Literature Search Strategy Week: Martha Meacham on Constructing a Literature Search – The Vocabulary Roadmap

Tue, 01/27/2015 - 3:22pm

Blog post to AEA365, a blog sponsored by the American Evaluation Association (AEA) dedicated to highlighting Hot Tips, Cool Tricks, Rad Resources, and Lessons Learned for evaluators. The American Evaluation Association is an international professional association of evaluators devoted to the application and exploration of program evaluation, personnel evaluation, technology, and many other forms of evaluation. Evaluation involves assessing the strengths and weaknesses of programs, policies, personnel, products, and organizations to improve their effectiveness.

Literature Search Strategy Week: Len Levin on Understanding and Finding Grey Literature

Tue, 01/27/2015 - 3:22pm

Blog post to AEA365, a blog sponsored by the American Evaluation Association (AEA) dedicated to highlighting Hot Tips, Cool Tricks, Rad Resources, and Lessons Learned for evaluators. The American Evaluation Association is an international professional association of evaluators devoted to the application and exploration of program evaluation, personnel evaluation, technology, and many other forms of evaluation. Evaluation involves assessing the strengths and weaknesses of programs, policies, personnel, products, and organizations to improve their effectiveness.

Literature Search Strategy Week: Molly Higgins on the Best Databases for Everything

Tue, 01/27/2015 - 3:22pm

Blog post to AEA365, a blog sponsored by the American Evaluation Association (AEA) dedicated to highlighting Hot Tips, Cool Tricks, Rad Resources, and Lessons Learned for evaluators. The American Evaluation Association is an international professional association of evaluators devoted to the application and exploration of program evaluation, personnel evaluation, technology, and many other forms of evaluation. Evaluation involves assessing the strengths and weaknesses of programs, policies, personnel, products, and organizations to improve their effectiveness.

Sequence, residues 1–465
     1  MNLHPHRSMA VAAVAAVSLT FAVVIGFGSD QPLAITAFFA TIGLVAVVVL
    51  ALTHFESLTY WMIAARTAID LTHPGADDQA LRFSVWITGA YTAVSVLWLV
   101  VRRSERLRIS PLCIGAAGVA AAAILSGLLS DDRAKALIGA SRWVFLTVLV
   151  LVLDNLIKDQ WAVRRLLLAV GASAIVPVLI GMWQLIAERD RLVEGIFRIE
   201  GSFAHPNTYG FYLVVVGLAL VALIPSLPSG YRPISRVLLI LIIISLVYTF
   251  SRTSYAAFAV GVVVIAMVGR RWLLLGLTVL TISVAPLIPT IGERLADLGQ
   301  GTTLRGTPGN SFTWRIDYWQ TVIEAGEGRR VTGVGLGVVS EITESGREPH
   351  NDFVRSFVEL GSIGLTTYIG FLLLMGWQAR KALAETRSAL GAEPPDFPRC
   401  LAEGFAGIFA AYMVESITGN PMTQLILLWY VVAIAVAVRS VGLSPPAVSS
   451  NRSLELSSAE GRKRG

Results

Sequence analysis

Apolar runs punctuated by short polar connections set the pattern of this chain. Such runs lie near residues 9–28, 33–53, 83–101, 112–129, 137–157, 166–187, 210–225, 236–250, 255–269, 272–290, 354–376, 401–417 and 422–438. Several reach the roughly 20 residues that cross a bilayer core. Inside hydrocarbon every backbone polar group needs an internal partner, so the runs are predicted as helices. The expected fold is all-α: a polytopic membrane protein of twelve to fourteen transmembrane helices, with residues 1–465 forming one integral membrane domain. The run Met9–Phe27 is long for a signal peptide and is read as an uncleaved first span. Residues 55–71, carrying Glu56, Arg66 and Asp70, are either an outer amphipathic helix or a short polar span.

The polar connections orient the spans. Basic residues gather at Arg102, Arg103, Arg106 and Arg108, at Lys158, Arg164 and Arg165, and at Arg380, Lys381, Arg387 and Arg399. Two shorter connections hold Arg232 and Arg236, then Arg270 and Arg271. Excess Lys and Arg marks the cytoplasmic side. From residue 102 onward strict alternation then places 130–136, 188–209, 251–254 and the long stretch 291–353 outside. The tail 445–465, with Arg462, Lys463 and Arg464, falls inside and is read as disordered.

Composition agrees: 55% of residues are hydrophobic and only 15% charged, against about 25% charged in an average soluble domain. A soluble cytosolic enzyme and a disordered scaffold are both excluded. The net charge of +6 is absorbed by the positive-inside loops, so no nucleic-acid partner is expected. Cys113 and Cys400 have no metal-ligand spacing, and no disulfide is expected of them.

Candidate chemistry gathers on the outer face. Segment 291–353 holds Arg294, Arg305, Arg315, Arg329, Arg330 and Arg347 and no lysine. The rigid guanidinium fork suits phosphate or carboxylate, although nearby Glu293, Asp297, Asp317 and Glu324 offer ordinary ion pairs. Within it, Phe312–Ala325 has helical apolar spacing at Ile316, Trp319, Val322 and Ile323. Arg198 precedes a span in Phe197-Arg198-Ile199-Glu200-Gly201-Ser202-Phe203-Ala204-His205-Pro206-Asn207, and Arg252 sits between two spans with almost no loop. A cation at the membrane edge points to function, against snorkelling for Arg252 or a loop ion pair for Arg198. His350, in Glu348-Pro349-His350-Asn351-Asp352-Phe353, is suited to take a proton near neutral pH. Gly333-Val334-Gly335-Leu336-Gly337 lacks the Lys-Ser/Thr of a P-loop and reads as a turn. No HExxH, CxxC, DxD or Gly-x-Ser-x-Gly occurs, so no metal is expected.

Literature Search Strategy Week: Judy Nordberg and Nancy Harger on Citation Management

Tue, 01/27/2015 - 3:22pm

Blog post to AEA365, a blog sponsored by the American Evaluation Association (AEA) dedicated to highlighting Hot Tips, Cool Tricks, Rad Resources, and Lessons Learned for evaluators. The American Evaluation Association is an international professional association of evaluators devoted to the application and exploration of program evaluation, personnel evaluation, technology, and many other forms of evaluation. Evaluation involves assessing the strengths and weaknesses of programs, policies, personnel, products, and organizations to improve their effectiveness.

Literature Search Strategy Week: Lisa Palmer on Using My NCBI to Save PubMed Searches and Citations and Customize Your Display

Tue, 01/27/2015 - 3:22pm

Blog post to AEA365, a blog sponsored by the American Evaluation Association (AEA) dedicated to highlighting Hot Tips, Cool Tricks, Rad Resources, and Lessons Learned for evaluators. The American Evaluation Association is an international professional association of evaluators devoted to the application and exploration of program evaluation, personnel evaluation, technology, and many other forms of evaluation. Evaluation involves assessing the strengths and weaknesses of programs, policies, personnel, products, and organizations to improve their effectiveness.